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Two Historians on Defeat in War and Its Causes
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Two Historians on Defeat in War and Its Causes

Two historians, one 134 years before the other, serve in wars in which their armies are defeated, and the states for which they fight collapse. They begin immediately to write accounts of the campaigns that have just ended in disaster. That both fought in previous wars and in their writings addressed major historical issues gives them the tools they need. The similarities in their conditions and reactions are remarkable, as are the differences. The earlier historian is twenty-six years old when the war soon to be his subject breaks out in 1806. The other is fifty-three when his country is overrun in 1940. The younger man's analytic gifts are already evident in his first essays; the older has long been an original and influential historian. As they start to record the recent past, the younger man allows himself few emotional responses to the events he describes; the older gives a fuller, more intimate personal account. He begins and ends his manuscript between July and September 1940, shortly after the surrender of the armed forces in which he served; but his book does not appear until after his death. The younger historian is captured, writes a compressed study of the campaign within two months of its major battles, and sends it to a journal, which publishes it in three articles. After being released, his duties and other literary work prevent him from returning to the subject for seventeen years, at which time he intends to write a longer history, then changes his mind and limits his manuscript to a study of the campaign of 1806, based on his articles. Because he is highly critical of the men in charge, his manuscript is not published until fifty-six years after his death. The other historian, demobilized in July 1940, joins the resistance, is eventually taken prisoner, and then tortured and shot by the descendants of the soldiers with whom the first historian served six generations earlier.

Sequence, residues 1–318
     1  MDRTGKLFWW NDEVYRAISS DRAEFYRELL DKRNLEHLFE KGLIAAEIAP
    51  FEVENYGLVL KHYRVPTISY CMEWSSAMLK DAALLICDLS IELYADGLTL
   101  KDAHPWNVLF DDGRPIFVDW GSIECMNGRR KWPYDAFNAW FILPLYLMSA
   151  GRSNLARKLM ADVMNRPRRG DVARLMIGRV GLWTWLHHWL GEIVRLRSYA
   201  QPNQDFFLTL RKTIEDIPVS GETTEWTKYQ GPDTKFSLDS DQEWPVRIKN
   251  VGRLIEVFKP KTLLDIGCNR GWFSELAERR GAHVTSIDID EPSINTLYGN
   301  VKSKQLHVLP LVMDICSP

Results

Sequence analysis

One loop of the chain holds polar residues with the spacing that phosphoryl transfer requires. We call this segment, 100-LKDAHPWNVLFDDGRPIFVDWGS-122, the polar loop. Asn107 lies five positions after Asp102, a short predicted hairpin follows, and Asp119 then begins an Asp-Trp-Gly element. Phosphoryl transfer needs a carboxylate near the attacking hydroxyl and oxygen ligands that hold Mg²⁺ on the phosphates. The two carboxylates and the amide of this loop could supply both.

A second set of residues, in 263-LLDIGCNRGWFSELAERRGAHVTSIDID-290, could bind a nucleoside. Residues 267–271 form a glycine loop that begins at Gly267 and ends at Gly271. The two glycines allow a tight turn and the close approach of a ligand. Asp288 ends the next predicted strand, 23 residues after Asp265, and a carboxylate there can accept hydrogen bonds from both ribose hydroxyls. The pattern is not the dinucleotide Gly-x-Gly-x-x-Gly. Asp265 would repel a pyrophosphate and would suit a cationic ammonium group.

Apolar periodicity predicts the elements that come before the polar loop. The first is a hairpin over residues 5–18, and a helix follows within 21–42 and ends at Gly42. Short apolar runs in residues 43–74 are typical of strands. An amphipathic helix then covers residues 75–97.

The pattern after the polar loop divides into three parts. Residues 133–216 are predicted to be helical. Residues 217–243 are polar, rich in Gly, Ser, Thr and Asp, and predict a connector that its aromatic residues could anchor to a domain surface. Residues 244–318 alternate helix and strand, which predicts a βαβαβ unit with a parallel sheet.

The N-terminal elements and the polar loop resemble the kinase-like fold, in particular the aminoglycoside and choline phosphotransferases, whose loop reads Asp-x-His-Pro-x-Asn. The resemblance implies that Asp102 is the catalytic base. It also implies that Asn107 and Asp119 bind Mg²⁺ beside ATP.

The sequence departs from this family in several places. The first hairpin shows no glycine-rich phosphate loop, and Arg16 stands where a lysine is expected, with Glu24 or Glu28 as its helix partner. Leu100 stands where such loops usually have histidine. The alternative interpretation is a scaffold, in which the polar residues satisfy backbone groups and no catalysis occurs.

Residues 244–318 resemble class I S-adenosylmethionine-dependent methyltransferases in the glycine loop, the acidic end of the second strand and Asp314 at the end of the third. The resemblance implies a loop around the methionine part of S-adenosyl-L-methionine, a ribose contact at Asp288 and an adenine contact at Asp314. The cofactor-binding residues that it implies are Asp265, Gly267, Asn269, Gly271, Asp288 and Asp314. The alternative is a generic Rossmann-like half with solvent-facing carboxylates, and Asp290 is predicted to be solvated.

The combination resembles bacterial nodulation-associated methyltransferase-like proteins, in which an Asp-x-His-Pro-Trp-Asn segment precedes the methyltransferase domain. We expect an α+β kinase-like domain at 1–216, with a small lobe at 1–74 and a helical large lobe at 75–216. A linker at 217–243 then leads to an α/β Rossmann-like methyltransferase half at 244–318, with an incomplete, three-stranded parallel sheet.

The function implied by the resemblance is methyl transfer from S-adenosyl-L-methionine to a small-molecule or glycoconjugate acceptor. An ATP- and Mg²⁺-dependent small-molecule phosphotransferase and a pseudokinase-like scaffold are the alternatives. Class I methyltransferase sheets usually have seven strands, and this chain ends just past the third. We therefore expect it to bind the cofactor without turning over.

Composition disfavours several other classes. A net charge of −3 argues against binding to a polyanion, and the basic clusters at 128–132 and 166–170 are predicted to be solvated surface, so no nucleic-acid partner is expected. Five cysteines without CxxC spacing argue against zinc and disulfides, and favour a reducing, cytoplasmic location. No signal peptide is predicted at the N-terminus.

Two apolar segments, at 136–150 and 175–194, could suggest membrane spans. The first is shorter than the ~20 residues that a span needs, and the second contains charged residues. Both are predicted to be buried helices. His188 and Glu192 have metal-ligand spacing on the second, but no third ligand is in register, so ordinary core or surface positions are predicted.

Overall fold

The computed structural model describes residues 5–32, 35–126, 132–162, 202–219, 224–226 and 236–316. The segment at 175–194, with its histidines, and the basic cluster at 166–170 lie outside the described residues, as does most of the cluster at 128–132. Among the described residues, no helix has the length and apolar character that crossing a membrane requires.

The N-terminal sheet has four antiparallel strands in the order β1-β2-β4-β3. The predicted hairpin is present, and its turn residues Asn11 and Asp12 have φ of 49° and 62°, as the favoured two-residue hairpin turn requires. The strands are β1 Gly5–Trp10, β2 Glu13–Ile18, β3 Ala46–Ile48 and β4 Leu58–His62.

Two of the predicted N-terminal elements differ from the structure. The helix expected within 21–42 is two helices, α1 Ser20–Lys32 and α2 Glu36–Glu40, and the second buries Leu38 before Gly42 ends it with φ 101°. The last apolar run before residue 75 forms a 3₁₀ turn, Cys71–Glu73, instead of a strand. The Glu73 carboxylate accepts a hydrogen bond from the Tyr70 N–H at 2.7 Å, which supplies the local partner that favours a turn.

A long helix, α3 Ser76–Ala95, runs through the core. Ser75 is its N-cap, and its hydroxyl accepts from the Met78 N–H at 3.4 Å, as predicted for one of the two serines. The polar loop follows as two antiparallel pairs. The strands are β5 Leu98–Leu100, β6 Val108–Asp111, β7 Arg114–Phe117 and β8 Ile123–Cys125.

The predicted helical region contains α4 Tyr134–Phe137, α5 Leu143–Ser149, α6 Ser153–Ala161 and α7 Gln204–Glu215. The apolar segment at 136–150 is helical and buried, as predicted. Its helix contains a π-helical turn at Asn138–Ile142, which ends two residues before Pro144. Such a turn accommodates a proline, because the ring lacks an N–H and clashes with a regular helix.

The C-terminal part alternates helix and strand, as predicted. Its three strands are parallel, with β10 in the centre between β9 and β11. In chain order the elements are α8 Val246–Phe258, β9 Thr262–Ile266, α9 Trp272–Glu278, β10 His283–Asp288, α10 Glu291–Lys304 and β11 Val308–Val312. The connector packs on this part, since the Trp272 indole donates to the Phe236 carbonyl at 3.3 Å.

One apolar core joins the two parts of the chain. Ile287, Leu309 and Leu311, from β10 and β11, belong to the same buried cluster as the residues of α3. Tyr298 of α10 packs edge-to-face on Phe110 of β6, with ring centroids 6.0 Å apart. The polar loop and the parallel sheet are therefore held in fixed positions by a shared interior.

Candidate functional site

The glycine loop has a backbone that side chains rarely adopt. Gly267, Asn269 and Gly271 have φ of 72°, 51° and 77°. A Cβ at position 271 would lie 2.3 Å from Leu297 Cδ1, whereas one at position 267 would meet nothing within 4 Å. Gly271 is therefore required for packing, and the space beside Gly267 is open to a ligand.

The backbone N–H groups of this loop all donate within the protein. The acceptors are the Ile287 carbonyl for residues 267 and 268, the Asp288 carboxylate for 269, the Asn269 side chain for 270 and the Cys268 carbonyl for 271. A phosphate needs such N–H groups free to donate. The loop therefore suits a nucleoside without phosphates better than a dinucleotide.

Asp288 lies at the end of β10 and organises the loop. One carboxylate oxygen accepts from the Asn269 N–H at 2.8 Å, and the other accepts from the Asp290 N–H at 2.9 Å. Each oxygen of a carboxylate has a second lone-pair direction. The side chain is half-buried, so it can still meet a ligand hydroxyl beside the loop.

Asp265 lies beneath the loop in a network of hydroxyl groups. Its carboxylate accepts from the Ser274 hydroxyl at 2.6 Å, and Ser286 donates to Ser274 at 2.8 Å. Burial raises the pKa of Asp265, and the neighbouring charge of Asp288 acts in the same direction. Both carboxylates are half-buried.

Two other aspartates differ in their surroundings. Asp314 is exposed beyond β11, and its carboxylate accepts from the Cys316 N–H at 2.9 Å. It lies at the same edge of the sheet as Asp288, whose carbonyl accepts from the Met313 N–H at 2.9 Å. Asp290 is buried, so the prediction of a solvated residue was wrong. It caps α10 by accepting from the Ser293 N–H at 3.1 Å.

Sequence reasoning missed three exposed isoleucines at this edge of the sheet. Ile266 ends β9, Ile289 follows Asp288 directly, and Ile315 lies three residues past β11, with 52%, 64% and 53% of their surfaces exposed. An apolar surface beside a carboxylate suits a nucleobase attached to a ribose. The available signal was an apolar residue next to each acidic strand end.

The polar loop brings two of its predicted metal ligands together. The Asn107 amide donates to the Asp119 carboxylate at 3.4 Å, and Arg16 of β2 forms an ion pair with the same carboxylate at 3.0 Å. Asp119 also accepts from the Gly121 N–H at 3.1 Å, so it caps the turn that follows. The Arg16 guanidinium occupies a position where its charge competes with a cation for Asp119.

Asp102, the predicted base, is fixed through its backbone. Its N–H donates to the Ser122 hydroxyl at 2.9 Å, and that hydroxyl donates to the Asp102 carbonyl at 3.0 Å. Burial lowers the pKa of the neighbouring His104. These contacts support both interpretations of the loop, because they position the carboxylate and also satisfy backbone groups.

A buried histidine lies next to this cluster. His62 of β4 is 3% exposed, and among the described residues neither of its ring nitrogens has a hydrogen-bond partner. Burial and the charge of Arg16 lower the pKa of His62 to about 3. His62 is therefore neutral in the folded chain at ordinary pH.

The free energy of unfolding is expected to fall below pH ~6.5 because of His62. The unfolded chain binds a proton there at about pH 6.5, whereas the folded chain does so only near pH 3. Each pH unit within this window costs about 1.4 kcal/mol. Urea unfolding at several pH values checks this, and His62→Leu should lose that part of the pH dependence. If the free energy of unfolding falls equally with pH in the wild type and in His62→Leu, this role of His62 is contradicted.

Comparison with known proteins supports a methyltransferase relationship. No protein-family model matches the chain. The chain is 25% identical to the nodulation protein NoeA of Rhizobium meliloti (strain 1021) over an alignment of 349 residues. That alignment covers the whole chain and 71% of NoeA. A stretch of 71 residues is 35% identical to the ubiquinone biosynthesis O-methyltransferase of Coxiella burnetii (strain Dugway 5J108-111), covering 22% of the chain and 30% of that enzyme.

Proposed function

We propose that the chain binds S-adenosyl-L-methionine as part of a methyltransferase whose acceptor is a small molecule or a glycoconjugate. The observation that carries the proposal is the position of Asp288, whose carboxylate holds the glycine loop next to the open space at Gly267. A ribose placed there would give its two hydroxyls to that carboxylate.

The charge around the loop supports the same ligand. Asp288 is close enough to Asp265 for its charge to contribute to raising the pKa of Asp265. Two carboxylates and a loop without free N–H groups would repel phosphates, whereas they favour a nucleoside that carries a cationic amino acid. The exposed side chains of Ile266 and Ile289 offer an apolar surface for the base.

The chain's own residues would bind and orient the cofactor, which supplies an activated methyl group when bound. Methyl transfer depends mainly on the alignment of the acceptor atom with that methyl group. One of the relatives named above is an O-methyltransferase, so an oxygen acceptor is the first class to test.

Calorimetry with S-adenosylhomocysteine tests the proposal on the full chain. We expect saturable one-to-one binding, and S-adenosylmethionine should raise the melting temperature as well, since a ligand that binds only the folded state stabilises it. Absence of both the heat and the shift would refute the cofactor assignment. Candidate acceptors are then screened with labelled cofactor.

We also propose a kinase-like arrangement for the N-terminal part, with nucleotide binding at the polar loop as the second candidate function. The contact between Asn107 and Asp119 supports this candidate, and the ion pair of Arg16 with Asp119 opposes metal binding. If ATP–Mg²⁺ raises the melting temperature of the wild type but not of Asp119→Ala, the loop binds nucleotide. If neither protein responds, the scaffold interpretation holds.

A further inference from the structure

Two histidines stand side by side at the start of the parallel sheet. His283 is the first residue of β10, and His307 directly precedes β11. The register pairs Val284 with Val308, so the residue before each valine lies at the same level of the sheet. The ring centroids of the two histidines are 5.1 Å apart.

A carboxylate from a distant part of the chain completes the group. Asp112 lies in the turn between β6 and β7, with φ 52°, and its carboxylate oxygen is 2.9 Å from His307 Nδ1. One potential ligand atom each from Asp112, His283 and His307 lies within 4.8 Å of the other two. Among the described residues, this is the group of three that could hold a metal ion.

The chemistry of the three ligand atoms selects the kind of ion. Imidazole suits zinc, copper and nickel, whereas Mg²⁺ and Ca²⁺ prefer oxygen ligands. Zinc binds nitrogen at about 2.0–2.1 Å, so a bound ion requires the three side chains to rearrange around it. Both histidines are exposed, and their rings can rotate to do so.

We can read and learn from these double histories of defeat, without taking the measure of the dramatic and tragic parallels and differences in their genesis. But once recognized, the affinities of the two accounts are not easily forgotten. The two books respond to each other, pose questions, and point to answers. The contrasts between them define each more clearly, emphasize the unique characteristics of its author, and underline his social and intellectual circumstances. That one of the books—although not published for some years—is an immediate reaction, the other a long-delayed response, may skew our appraisals. The balance is restored if we include the younger man's articles—sources for his later work—when we think of the two books together.

By birth, both authors belonged to privileged segments of society, yet each faced social handicaps. In accord with family tradition, the earlier historian, Carl von Clausewitz, claimed noble descent.1 His father, son of a professor of theology at the University of Halle, served as lieutenant in a Prussian infantry regiment during the Seven Years' War. After demobilization he was retired for being unable to document his title of nobility, and transferred to the customs and excise administration. The family's ambiguous situation was resolved by two events: the early death of the former lieutenant's father and the remarriage of his mother. Her second husband, a Prussian colonel, came from a well-known noble family. His influence could not salvage the lieutenant's military career, but enabled three of his sons, among them Carl von Clausewitz, to enter the army as officer cadets. The Clausewitz family's noble status was at last officially accepted in 1827, not on the basis of documentation, but in acknowledgment of the brothers' successful military careers. Two became generals, the third received the title of major-general on retirement. At the time, the change from undocumented assumption of a title to its recognition occurred more than once in the Prussian service-elite, which expanded in step with the expansion of the state. In Clausewitz's generation middle-class officers were promoted to the most senior positions in the army, and ennobled...